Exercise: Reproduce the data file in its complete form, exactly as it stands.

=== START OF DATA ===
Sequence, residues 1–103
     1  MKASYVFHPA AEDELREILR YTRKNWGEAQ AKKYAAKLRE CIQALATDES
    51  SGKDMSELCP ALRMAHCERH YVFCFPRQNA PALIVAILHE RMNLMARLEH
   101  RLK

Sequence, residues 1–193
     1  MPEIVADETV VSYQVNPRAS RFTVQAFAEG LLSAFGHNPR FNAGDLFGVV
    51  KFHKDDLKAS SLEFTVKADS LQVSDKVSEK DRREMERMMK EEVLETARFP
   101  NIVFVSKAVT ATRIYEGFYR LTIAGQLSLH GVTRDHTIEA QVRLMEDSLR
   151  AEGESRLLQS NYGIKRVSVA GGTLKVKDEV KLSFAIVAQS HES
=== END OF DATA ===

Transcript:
Sequence, residues 1–103
     1  MKASYVFHPA AEDELREILR YTRKNWGEAQ AKKYAAKLRE CIQALATDES
    51  SGKDMSELCP ALRMAHCERH YVFCFPRQNA PALIVAILHE RMNLMARLEH
   101  RLK

Sequence, residues 1–193
     1  MPEIVADETV VSYQVNPRAS RFTVQAFAEG LLSAFGHNPR FNAGDLFGVV
    51  KFHKDDLKAS SLEFTVKADS LQVSDKVSEK DRREMERMMK EEVLETARFP
   101  NIVFVSKAVT ATRIYEGFYR LTIAGQLSLH GVTRDHTIEA QVRLMEDSLR
   151  AEGESRLLQS NYGIKRVSVA GGTLKVKDEV KLSFAIVAQS HES